tried it again today, i think i feel the max pressure of the cylinder, since it feels like im hitting the floor but the pedal isnt touching.

Not having abs, i think if i ever pressed my brakes that hard, the wheels would just lock.
On my car, the pedal itself would never touch the floor, as something further up the pedal (along the pedal bar, for the lack of better word) is making contact first.
 

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On my car, the pedal itself would never touch the floor, as something further up the pedal (along the pedal bar, for the lack of better word) is making contact first.
thats what i feel too, i cant see while im pressing it but it does seem to hit some sort of a stopper.

Like on my atv since i dont have anything else to compare the brake to, the brakes will lock and i can press the lever even more even tho theres not much else it can do at that point. I thought maybe thats what you were referring to. In which case i feel that the brakes are fully engaged and the extra press just takes it to the max but doesnt show any results in terms of braking power.
 

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I tried it out on my Intrepid. My pedal goes all the way to the floor, but it gets harder and harder each time because it makes this air pump sound the first few times, then it goes away. This only happens when the car is off though. With the car on, it goes to the floor (but takes a decent amount of force, it doesn't just fall into place). I DON'T have ABS so I don't know if this makes a difference or not. I wish I had it though. It just doesn't seem right that I have an ES and it's not standard. My previous car, which was a 1988 Mazda 929, had ABS....so there is no excuse not to have it 12 years later.....let alone 20 years for some cars still w/o it today. A vechicle of this size should have ABS standard. I hate not having it and I have never been able to get used to it!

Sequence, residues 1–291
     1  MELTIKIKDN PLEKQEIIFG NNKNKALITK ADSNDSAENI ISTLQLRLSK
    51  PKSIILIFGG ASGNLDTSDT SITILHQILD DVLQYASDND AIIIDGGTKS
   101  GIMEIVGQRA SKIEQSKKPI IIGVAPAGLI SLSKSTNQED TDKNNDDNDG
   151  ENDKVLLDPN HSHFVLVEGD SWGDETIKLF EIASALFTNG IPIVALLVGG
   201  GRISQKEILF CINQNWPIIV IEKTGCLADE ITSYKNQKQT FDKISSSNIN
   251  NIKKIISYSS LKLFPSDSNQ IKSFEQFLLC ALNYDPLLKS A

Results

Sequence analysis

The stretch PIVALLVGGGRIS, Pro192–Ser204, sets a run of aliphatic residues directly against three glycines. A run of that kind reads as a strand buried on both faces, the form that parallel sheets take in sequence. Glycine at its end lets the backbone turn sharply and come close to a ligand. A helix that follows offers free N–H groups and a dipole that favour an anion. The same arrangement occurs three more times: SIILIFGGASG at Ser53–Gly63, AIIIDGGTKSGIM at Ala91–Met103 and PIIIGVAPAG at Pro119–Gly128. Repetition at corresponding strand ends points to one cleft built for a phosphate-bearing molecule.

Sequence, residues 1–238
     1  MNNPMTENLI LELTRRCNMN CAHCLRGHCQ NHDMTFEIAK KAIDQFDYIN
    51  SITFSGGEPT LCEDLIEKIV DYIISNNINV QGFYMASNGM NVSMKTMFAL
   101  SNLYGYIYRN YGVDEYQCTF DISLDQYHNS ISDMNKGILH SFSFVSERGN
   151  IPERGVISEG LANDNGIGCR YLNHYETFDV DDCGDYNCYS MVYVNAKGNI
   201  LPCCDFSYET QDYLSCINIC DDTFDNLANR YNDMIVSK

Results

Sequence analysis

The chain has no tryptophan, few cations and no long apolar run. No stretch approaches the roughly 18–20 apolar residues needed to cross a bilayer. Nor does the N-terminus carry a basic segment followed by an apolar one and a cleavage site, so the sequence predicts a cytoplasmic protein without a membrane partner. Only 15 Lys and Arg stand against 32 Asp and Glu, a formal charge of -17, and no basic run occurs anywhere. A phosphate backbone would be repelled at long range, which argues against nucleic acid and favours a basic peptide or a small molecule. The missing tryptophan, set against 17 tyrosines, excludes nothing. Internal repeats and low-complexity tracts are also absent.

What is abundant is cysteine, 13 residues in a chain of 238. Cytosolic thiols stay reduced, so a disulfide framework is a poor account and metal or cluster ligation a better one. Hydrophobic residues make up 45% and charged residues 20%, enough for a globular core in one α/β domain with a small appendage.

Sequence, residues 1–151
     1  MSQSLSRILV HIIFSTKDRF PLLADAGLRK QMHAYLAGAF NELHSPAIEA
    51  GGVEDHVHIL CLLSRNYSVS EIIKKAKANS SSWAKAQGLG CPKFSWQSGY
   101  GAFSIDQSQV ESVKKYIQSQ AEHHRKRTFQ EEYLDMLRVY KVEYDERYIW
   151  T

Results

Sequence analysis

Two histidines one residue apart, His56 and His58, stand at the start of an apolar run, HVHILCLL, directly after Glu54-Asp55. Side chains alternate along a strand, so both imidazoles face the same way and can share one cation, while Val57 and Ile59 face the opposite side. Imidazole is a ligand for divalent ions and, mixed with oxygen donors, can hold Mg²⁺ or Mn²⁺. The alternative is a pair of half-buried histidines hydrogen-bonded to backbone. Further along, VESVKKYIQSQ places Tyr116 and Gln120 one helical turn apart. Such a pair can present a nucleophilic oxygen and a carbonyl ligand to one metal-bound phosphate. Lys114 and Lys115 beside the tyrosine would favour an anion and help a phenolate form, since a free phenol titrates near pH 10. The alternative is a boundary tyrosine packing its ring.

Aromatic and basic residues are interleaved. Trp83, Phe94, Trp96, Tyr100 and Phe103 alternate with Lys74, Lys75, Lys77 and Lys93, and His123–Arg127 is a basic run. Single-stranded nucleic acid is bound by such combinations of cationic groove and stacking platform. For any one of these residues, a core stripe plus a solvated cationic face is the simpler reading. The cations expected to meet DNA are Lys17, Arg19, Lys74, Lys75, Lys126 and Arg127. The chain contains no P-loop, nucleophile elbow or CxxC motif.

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Discussion Starter #19
Thanks for verifying this guys! What you have describbed is exactly the same as mine, so I guess we can safely say this is a design issue with the LH (and many other) cars.

Cubed, the "air pump" sound you describe is simply a protector sleeve over the rod that extends into the master cylinder. It's getting compressed like a bellows each time you push.
 

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Discussion Starter #20
Now for some rant.

This is TOTALLY SUBPAR brake system design!!!

If you haven't felt a really stiff pedal, go press on a car with a mono-block brake caliper (pretty much anything with Brembos), or a BMW car (not SUV), which are somehow very stiff even with floating calipers.

Now IMHO every car should have a pedal like that. Yes, our brakes will stop our cars fine, but in performance driving, it's all about the pedal FEEL.